Even though Washington state's pulp and paper industry has shrunk considerably over the past two decades, several of the state's mills are now making significant new investments in plant and equipment to convert recycled paper into containerboard. The end-use market for recycled containerboard- unlike the declining demand for printing and writing papers- is growing. This containerboard market growth is at least partly the result of increased online shopping and to-your-porch deliveries - a phenomenon some have labeled the 'Amazon Effect.'
Currently, most of the recycled paper feedstock for these mills is provided by over-the-road trucking. The Washington mills' need for growing volumes of recycled paper, as well as their needs for the outbound shipment of paper products, seem likely to exacerbate road congestion problems and truck shipment delays leading to still higher shipping costs. Barging could theoretically reduce recycled paper transportation costs and costs of shipping paper from the mills to the containerboard customers.
In addition to the potential to reduce traffic congestion and transportation costs with barging (versus trucking), significant opportunities for carbon emissions reduction could be achieved. The 'Zero Emissions Barge Feasibility Study' explores the potential of battery barge operations as part of the overall report. The longer routes appear to warrant further study for alternative fuels and hybrid models. While this battery barge study concludes that current battery technology is inadequate for long ocean voyages to and from these mills (e.g., to and from Washington State and Southern California), shorter routes within the Salish Sea warrant detailed engineering for battery electric operations.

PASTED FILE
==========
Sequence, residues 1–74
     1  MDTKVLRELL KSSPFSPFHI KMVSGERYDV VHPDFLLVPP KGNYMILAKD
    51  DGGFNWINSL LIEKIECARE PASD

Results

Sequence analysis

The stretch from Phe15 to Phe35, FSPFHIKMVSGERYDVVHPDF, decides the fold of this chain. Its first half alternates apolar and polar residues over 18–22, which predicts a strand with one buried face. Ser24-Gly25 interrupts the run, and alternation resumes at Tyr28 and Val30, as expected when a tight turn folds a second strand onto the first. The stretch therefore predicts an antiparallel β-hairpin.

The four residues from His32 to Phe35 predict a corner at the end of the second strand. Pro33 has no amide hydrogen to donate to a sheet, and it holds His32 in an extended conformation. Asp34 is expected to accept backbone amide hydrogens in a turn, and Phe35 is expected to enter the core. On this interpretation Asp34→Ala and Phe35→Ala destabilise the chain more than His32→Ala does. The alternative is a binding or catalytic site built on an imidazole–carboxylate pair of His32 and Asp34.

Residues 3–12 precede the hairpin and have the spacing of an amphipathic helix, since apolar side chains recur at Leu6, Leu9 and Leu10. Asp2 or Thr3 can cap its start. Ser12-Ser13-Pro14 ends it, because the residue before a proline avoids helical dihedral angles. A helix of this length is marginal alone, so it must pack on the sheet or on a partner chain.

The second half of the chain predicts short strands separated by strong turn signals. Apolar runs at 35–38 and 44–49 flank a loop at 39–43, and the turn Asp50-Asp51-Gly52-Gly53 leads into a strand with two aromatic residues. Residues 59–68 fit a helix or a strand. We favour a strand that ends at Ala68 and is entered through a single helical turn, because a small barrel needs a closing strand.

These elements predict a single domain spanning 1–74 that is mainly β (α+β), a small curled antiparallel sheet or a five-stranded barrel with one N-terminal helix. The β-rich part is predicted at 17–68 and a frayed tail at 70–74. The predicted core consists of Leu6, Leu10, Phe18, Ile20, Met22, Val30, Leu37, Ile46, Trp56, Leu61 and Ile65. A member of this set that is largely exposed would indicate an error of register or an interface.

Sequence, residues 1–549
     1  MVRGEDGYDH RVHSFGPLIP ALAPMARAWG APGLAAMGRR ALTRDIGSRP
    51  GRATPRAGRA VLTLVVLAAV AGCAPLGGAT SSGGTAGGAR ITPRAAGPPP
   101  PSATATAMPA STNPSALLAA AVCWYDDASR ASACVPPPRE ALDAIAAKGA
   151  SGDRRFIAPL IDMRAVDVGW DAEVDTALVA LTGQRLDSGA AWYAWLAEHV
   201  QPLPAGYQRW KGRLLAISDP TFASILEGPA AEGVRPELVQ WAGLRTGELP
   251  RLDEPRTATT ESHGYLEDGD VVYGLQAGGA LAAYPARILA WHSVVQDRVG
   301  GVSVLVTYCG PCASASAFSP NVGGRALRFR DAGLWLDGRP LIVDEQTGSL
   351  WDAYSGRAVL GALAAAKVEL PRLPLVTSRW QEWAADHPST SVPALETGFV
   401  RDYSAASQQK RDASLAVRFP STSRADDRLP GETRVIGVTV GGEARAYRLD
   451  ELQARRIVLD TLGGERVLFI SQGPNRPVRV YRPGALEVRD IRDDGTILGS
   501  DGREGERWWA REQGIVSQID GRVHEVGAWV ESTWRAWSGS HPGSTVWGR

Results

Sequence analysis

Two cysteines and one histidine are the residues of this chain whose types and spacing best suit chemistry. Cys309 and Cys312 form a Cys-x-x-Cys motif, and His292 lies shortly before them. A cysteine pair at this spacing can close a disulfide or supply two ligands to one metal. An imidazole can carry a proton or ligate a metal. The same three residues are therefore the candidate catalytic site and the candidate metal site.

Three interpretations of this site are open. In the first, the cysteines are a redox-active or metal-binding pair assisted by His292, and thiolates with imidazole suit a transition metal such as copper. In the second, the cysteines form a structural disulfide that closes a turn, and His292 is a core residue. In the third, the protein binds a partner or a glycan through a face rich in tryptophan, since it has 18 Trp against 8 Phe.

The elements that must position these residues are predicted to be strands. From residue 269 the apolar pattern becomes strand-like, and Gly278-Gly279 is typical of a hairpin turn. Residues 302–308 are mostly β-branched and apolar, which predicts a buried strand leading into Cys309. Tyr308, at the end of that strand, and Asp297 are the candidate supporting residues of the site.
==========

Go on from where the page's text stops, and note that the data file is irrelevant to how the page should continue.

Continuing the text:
“ ‘Recycled Paper Barging to Washington State Mills’ contributed to our understanding of the opportunity to innovate and adapt to a circular economy framework,” says Joshua Berger, Founder & Board Chair Maritime Blue and Governor's Maritime Sector Lead Washington State Department of Commerce. We have gained an understanding of what is possible. We want to continue to build our knowledge and gain a broader point of view with more input from collaborators at a regional level.
Additional information will establish necessary technologies, identify the significant levers available, and call out the economic opportunity."
Roy Nott, a former pulp and paper industry executive who assisted Impact Washington with the mill study, said, "It is gratifying to see our Washington mills make the new investments required to consume recycled paper and produce medium and liner papers. Barging would probably enhance the long-term economic viability of these mills. I am especially happy because these new investments should help the rural communities' economies, with relatively high unemployment, where most of these mills reside."
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